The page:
Debbie Jevans, former CEO of England Rugby 2015 and Director of Sport at London 2012, talks to Vision about levelling the gender playing field in sports
Is this your first time attending a Host Cities Summit?
Yes and it’s fantastic to be here. The diversity in the presentations has been really interesting – everything from tourism to women in sport. And of course what we spoke about in our session, which was the impact of major events on a country: on its economy, on sports participation and how we can use those major events to drive any number of things.
Representatives from cities bidding for future Olympics are in Dubai this week for Host Cities 2015. So far, the bids seem to lack a strong presence of women in senior administrative positions. What are your thoughts on this?
I don’t know whether they do or don’t because I haven’t seen the make up of the big committees. Certainly, though, for us in London that was important. When we delivered the [2012 Olympic] Games, 50 per cent of my team was female. Fifty per cent of the athletes are female, so why wouldn’t females be a part of the governance or the delivery of an Olympic Games? The IOC is saying that for any new sport it has to be 50 per cent female now, so I would be surprised if the cities that are bidding didn’t involve women. Ideally I would like to see people in leadership actively encouraging females to apply, because I have found when I’ve done that it has delivered some amazingly talented women.
Fifty per cent of the athletes are female, so why wouldn’t females be a part of the governance or the delivery of an Olympic Games?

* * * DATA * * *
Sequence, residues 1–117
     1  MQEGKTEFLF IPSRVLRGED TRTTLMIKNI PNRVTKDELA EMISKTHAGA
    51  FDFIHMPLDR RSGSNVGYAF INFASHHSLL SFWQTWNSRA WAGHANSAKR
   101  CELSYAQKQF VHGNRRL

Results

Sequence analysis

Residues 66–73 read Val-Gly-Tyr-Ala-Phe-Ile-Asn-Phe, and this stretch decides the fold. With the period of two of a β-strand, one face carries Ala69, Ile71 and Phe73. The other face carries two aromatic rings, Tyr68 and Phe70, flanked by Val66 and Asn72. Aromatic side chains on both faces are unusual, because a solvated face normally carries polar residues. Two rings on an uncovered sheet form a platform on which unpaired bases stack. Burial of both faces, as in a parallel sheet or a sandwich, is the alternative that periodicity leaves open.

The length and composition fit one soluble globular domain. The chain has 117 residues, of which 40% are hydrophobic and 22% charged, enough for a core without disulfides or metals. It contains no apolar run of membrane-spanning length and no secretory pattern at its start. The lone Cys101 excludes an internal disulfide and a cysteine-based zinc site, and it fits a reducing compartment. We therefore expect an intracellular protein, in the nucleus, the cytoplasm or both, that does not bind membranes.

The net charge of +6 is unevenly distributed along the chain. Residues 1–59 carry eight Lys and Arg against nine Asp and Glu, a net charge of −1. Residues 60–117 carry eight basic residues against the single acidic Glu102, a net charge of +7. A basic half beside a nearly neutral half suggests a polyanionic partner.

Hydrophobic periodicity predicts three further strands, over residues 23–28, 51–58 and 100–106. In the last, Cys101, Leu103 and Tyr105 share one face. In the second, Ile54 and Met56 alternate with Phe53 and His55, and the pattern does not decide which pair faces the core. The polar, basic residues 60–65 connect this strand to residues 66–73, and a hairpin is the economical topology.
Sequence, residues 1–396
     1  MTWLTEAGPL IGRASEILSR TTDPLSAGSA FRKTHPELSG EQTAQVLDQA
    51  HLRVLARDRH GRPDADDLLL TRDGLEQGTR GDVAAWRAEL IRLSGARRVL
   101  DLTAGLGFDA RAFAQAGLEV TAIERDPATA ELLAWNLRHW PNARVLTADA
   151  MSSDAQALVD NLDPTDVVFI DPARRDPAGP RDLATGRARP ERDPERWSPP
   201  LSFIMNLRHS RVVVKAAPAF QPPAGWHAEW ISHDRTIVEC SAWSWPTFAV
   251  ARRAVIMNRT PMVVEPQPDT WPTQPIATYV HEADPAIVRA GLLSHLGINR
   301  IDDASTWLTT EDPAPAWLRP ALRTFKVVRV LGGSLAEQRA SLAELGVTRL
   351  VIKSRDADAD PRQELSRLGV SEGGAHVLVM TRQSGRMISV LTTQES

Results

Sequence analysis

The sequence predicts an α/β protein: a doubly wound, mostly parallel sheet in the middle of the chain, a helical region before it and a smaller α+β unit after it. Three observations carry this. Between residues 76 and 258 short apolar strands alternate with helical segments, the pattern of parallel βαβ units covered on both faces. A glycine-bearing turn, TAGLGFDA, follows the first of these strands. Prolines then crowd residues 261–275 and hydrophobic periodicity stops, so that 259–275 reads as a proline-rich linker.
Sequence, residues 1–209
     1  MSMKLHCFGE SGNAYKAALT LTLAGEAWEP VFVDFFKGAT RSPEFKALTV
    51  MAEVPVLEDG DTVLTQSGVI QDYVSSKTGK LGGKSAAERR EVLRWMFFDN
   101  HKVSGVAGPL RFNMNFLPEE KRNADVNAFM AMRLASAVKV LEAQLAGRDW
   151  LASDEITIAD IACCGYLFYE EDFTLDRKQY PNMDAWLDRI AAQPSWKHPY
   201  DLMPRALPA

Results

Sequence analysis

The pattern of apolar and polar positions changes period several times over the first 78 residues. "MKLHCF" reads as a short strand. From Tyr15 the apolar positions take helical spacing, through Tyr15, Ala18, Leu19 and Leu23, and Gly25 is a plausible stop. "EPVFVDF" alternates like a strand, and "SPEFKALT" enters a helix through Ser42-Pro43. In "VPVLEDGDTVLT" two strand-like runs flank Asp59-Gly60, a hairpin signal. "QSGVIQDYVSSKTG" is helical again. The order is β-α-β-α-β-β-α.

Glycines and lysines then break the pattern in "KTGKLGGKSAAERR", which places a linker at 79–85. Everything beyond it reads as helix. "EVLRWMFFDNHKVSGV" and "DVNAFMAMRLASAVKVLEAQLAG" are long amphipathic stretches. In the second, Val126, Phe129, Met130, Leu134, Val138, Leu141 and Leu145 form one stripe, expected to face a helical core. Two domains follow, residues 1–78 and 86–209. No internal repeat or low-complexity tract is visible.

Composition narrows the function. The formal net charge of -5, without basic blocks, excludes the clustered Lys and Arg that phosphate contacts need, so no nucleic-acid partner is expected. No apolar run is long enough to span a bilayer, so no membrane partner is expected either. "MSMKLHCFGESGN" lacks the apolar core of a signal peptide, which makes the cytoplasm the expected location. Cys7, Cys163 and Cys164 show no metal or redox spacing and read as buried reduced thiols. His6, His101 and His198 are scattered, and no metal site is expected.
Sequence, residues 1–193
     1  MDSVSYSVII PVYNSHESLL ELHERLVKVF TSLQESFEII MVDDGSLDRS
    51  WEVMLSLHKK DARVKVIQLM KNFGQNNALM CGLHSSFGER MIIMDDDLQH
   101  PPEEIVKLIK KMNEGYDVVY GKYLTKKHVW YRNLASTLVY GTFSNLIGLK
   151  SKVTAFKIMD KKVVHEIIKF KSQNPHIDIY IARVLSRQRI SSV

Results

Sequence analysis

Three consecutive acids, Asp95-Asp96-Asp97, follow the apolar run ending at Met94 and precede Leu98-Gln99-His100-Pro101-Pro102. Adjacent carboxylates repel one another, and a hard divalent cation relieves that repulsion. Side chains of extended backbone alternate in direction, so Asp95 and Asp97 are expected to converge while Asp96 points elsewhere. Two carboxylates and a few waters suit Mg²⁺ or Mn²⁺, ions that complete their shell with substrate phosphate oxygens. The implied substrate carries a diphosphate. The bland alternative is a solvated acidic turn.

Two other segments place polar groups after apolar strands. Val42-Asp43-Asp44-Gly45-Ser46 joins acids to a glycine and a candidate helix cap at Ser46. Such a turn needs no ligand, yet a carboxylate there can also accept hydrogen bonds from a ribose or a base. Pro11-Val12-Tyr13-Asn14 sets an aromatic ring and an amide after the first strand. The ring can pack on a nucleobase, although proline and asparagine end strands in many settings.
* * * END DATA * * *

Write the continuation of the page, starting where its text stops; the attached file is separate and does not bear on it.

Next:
How can we inspire more girls and women to get involved in sport?
I sit as Vice Chair of Sport England and we’ve grappled with this question. We launched a campaign, ‘This Girl Can’, which wasn’t saying: “play netball, play hockey, go swimming…” but, rather, just have a go. We had slogans such as “I may not be fast but I’m lapping the person on the couch”. Or images of a couple of girls playing football saying: “I kick balls, deal with it”. It has had a fantastic impact because rather than saying you have to be the best in the world, the message is just, “have a go, be proud to have a go.” The other message is to not be obsessed with body image, which, as females, we get thrown at us. We’ve got to break through some of these myths and allow girls to be girls and to have a go.
What inspires me is to be the best that you can but to do so with humility and to always try and give something back
What inspires you?
I’ve always wanted to be the best that I can be in whatever I do, but to do so with the right values. Values are important to me. Take Jonah Lomu, who has just sadly died, and who I met a couple of times. He is an inspirational figure who behind the scenes was giving a lot back. That’s what inspires me: to be the best that you can but to do so with humility and to always try and give something back. The work that we did on the Invictus Games [was inspirational]. Prince Harry [President of the Invictus organising committee] is an inspirational figure, who gives a lot back and does a lot behind the scenes.